Can't figure exchanges out...

Discussion in 'Accounting' started by hi, Nov 15, 2003.

  1. hi

    hi Guest

    Liberty Corp owns a machine that orignally cost $200,000 upon which there is
    depreciation of $140,000.

    C. The machine is given for a new machine that fulfills the same function
    and cash of $40,000 is received The fair value of the new machine is
    $70,000.

    -i'm stuck. How do you compute whether you have a gain or a loss on the
    transaction? So far I have:

    Cash Dr
    New Machine Dr
    Acc. Depr. Dr 140,000
    Old Asset Dr.

    The book states some stuff about fair value consideration (given) = fair
    value consideration (received), but how does that apply to this example?
    What's the fair value of the machine we're giving up? $200,000 or $60,000?

    fair value given = 200,000 (the cost?)
    fair value received = 40,000 cash + 70,000 fair value machine

    I'm stuck and have a brain lapse... someone please help me out.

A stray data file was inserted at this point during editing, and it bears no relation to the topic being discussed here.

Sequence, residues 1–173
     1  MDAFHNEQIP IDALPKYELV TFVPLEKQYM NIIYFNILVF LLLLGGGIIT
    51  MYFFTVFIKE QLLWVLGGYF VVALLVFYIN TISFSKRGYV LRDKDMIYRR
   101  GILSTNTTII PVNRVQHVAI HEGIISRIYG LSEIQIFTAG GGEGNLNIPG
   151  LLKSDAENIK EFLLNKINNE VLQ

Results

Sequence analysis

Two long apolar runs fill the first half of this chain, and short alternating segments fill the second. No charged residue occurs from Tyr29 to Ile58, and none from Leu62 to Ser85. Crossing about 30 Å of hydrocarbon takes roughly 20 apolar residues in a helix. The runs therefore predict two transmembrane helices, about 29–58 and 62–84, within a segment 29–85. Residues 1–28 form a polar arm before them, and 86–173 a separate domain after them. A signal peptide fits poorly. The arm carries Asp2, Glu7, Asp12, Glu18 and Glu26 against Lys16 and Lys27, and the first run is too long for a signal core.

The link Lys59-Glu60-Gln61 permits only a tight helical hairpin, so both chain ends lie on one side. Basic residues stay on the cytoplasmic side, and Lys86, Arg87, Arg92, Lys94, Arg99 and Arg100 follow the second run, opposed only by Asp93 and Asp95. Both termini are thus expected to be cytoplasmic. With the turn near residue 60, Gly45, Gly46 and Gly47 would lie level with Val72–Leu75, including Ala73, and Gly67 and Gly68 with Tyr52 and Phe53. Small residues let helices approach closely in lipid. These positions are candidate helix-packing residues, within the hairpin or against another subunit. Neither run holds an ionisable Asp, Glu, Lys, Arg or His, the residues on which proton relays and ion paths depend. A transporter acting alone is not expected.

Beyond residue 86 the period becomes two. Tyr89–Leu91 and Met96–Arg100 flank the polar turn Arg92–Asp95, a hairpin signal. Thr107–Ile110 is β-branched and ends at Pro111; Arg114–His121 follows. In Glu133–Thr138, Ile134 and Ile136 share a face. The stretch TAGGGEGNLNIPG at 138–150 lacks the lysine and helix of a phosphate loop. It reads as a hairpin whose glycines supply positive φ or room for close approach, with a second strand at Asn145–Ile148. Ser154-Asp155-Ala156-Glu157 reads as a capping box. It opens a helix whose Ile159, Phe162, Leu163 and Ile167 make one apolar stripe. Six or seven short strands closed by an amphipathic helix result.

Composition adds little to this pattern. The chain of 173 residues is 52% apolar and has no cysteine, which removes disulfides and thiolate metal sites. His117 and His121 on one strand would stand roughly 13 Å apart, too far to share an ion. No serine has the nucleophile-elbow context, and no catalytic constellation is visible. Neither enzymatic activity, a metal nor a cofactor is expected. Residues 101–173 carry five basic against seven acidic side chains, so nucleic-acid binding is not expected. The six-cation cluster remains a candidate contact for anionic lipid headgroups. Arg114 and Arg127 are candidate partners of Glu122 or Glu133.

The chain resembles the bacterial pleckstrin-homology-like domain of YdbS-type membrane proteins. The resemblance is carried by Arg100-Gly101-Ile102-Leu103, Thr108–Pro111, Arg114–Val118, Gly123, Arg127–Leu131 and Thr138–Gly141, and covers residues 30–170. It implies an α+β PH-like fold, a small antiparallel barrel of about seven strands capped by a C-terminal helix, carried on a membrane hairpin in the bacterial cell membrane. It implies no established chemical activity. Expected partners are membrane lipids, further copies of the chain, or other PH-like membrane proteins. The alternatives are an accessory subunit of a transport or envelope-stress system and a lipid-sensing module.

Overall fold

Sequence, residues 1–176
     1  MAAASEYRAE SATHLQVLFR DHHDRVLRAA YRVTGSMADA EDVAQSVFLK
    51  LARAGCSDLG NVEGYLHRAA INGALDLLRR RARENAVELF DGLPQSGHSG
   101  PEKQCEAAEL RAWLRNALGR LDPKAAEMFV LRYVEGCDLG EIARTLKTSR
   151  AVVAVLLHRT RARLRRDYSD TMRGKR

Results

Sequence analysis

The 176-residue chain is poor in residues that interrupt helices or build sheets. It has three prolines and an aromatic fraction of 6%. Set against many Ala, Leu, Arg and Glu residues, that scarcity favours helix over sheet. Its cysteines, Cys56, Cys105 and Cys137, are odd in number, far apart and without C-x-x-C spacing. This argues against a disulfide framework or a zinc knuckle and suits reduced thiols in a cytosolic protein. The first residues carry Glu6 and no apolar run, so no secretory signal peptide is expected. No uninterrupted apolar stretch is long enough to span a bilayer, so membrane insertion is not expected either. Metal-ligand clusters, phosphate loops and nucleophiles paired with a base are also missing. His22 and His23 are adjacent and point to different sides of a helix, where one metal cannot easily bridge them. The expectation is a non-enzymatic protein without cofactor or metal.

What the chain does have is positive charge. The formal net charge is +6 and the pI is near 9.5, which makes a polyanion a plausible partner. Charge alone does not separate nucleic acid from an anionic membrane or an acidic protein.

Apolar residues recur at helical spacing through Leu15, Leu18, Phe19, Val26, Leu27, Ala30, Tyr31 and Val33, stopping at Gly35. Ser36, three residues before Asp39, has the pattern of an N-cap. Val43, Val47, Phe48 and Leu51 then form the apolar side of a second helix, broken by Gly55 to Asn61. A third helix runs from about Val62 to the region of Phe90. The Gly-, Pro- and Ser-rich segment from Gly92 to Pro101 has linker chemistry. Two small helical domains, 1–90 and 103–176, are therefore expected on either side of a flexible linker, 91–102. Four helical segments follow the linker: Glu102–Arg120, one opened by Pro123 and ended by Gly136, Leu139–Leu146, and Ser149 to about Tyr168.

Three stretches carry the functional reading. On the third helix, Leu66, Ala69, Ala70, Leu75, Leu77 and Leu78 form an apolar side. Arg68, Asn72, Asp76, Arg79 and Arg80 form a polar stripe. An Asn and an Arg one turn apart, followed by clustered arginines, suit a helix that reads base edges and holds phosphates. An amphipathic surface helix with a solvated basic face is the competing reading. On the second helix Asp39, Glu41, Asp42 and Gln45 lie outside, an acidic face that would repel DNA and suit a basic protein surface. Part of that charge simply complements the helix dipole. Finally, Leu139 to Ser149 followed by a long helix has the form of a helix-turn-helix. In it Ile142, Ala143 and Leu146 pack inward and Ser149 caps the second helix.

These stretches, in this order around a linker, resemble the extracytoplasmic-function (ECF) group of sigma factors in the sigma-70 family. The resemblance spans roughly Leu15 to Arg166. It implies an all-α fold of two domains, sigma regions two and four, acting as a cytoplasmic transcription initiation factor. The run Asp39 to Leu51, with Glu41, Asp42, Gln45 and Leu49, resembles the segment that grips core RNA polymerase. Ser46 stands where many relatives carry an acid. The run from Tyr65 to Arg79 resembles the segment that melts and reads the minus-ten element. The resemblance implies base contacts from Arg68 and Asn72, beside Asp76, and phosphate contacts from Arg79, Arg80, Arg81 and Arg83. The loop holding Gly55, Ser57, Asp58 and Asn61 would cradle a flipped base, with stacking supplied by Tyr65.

--
     
    hi, Nov 15, 2003
    #1
    1. Advertisements

  2. hi

    Janice Davis Guest

    And here is what I got--Janice
    Cash Dr $40,000 <== Liberty received cash
    New Machine Dr 70,000
    Acc. Depr. Dr 140,000
    Old Asset Cr. $200,000
    Gain on disp 50,000
     
    Janice Davis, Nov 15, 2003
    #2
    1. Advertisements

  3. hi

    hi Guest

    correct. i just got that answer too. check my last post for info on how to
    figure it out when cash is less than 25% of the consideration received.
     
    hi, Nov 15, 2003
    #3
  4. For income tax purposes there is no gain or loss, at least in the US.

    Spindlegerger
     
    spindleberger, Nov 16, 2003
    #4
  5. hi

    Janice Davis Guest

    These questions are for financial accounting purposes. Hi and I are both
    taking Intermediate Fin Acc I this term. Thanks for the input though I will
    add it to my memory.

    Janice
     
    Janice Davis, Nov 16, 2003
    #5
    1. Advertisements

Ask a Question

Want to reply to this thread or ask your own question?

You'll need to choose a username for the site, which only take a couple of moments (here). After that, you can post your question and our members will help you out.